DIET: Results of research on frontline health-care workers from six countries with high COVID-19 exposure are encouraging.5 Participants were surveyed from July to September 2020. The self-reported data from 2,884 participants included demographic information, dietary pattern information, and COVID-19 outcomes (568 cases). After adjusting for confounders, those who followed a “plant-based diet” had 73 percent lower odds of moderate to severe COVID-19; those who followed a “plant-based or pescatarian [includes fish] diet” had 59 percent lower odds of moderate to severe symptoms—compared to those who consumed regular diets. When participants reported following “low-carbohydrate, high-protein diets,” they had significantly higher odds of more severe symptoms. This study found no association between the dietary pattern reported and the infection rate or duration of COVID-19. These encouraging results suggest that a diet rich in nutrient-dense foods may add an important layer of protection against severe COVID-19 symptoms without reducing infection rates or potential viral spread to others.

SUNLIGHT: Recent studies suggest that sunshine exposure limits the spread of the COVID-19 disrupting virus particles in aerosols (sneezing and coughing) and may inactivate the virus in outdoor environments.6 In addition, sun exposure, and vitamin D status are linked to COVID-19 incidence, fatality, and recovery rates through action on the immune system. Appropriate sun exposure (i.e., no overexposure) is beneficial. Vitamin D supplementation is recommended and beneficial when blood levels are not adequate, especially in darker-skinned individuals.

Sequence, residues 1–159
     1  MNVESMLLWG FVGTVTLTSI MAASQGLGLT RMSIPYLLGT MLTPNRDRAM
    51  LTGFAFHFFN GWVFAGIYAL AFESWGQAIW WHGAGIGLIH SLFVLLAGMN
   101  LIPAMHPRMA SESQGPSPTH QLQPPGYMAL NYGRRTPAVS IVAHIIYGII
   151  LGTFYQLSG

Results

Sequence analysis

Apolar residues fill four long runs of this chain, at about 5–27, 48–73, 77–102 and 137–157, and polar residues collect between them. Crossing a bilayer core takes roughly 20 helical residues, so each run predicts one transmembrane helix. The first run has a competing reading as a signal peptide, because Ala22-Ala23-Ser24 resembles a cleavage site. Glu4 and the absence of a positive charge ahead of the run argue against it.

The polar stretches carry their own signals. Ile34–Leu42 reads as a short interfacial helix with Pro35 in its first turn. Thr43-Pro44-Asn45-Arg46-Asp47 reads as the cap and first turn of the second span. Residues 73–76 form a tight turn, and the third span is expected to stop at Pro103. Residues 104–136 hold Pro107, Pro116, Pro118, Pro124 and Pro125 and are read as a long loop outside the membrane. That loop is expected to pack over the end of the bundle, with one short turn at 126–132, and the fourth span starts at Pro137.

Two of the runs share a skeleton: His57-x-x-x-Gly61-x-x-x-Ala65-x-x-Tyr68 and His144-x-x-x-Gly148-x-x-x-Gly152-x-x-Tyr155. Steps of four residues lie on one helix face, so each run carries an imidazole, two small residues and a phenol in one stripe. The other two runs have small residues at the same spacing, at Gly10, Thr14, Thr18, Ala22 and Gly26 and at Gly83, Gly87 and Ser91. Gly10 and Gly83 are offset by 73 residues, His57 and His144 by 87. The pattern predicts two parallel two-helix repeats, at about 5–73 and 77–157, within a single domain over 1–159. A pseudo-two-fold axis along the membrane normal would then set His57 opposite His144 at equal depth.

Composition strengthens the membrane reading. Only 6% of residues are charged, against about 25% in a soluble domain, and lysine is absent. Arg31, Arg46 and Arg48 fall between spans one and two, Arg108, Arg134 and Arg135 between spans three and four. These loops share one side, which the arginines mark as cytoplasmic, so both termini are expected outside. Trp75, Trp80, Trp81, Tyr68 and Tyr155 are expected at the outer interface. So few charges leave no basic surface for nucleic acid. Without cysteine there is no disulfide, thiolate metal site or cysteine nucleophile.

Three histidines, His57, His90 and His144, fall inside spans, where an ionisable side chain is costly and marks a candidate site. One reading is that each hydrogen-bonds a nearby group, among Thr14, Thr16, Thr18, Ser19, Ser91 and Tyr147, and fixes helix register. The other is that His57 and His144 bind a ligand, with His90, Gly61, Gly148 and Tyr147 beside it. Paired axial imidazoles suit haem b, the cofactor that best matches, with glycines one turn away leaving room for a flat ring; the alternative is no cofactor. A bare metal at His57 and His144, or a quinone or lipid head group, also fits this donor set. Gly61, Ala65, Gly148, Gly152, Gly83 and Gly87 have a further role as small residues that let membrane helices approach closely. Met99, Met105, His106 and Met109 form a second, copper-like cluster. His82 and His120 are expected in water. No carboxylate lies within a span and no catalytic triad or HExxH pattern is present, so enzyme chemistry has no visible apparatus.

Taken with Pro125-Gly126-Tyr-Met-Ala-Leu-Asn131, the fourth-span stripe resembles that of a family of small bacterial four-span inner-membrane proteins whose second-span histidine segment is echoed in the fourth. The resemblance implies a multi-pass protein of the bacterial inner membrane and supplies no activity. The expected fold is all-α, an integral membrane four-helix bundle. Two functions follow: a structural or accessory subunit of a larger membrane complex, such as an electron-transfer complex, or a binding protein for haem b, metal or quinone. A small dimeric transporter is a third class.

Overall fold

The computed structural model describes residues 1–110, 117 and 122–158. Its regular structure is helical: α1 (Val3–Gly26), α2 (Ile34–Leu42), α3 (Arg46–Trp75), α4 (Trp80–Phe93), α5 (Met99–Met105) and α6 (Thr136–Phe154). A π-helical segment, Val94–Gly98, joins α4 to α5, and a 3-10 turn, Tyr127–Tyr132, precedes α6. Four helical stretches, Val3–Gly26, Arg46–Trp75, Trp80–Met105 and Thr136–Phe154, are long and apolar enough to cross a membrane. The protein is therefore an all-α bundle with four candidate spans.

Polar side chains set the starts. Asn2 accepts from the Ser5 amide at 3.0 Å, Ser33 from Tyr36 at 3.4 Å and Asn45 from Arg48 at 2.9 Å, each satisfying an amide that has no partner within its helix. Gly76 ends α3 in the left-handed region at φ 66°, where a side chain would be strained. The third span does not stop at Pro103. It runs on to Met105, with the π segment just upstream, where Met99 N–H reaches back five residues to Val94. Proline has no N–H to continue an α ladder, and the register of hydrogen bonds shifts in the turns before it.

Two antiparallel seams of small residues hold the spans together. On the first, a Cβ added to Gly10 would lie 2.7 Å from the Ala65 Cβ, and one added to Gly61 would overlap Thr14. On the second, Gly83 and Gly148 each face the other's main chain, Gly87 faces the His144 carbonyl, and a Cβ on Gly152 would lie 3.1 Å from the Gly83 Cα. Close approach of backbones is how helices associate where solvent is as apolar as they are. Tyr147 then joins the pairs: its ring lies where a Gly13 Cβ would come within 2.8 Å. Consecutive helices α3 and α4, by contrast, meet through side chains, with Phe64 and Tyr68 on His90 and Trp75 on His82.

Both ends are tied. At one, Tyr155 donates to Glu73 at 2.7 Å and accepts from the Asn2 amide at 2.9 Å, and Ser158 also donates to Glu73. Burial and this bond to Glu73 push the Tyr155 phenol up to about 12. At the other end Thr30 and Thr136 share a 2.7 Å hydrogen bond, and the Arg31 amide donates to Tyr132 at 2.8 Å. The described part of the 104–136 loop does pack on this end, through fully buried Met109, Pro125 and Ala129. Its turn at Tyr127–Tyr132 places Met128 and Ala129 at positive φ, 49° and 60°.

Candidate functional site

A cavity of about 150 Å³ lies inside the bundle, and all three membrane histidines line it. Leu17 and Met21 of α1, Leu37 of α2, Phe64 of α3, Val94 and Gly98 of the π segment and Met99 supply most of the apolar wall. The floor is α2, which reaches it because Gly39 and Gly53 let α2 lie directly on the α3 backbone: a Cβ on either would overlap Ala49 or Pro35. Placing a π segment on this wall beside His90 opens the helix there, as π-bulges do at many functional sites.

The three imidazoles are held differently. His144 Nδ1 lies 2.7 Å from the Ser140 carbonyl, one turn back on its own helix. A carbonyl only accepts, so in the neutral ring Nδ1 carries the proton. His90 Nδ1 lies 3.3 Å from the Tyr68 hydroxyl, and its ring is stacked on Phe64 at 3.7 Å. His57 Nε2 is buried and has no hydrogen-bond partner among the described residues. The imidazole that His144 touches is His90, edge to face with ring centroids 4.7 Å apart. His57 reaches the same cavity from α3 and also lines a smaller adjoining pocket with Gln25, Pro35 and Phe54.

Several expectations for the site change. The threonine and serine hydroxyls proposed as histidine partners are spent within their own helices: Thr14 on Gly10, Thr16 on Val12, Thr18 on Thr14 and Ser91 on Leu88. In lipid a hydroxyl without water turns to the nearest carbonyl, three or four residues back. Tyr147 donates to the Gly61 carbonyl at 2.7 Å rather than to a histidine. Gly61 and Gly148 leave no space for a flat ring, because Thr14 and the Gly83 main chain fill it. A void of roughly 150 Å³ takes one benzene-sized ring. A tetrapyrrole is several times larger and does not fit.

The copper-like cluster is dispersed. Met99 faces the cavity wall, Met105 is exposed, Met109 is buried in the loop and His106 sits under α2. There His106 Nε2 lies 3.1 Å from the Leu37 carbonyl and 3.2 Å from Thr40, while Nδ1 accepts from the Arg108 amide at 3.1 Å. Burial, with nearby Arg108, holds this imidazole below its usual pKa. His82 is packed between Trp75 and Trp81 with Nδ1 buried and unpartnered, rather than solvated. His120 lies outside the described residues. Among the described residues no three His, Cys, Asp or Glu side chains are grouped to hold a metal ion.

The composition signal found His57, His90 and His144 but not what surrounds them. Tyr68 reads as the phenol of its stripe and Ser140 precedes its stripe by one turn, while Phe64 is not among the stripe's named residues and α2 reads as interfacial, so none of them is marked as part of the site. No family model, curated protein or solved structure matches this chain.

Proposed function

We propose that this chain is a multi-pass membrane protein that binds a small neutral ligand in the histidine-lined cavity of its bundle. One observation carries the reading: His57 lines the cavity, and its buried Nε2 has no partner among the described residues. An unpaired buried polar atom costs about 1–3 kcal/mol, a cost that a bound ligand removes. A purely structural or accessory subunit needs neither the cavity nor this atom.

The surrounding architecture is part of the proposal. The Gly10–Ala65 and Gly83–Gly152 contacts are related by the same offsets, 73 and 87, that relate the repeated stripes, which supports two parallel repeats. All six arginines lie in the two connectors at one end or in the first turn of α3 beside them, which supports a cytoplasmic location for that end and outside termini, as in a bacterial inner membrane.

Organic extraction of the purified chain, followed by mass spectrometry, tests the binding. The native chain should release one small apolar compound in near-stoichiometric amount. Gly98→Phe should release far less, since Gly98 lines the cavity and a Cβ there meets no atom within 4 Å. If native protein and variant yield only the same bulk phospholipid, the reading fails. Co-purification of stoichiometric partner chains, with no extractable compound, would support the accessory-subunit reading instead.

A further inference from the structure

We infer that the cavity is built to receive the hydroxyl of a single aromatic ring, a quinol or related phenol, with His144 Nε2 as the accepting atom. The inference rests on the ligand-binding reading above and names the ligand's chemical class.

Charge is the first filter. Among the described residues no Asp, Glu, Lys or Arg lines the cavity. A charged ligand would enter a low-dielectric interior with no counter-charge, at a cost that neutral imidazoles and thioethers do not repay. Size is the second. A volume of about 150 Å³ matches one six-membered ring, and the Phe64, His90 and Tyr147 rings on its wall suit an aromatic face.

SOCIAL SUPPORT: Social support has been identified as a protective factor against COVID-19-related mental health issues.7 Examples of social support include giving comfort or providing a listening ear in the face of life challenges or distress. Healthy personal relationships are the most beneficial, but an enriching church fellowship even virtually is effective in providing social support and spiritual encouragement. The benefits go both ways, too. Ellen White wrote that “doing good is a work that benefits both giver and receiver.”8 The fellowship of believers during a pandemic plays an important role in healing, comfort, and spiritual nurture—a real boost to mental health.  Additionally, studies show that diet, exercise, and sleep are great contributors to mental health and well-being.9

The Bible speaks to how Christians are to behave and personal prayer and trust in God are essential. Paul entreats all believers to “let each of you look out not only for his own interests, but also for the interests of others” (Phil. 2:4).Certainly this includes physical distancing, mask wearing, and basic hygiene measures. Christians should do everything possible to limit the spread of the virus, if for no other reason than the well-being of others!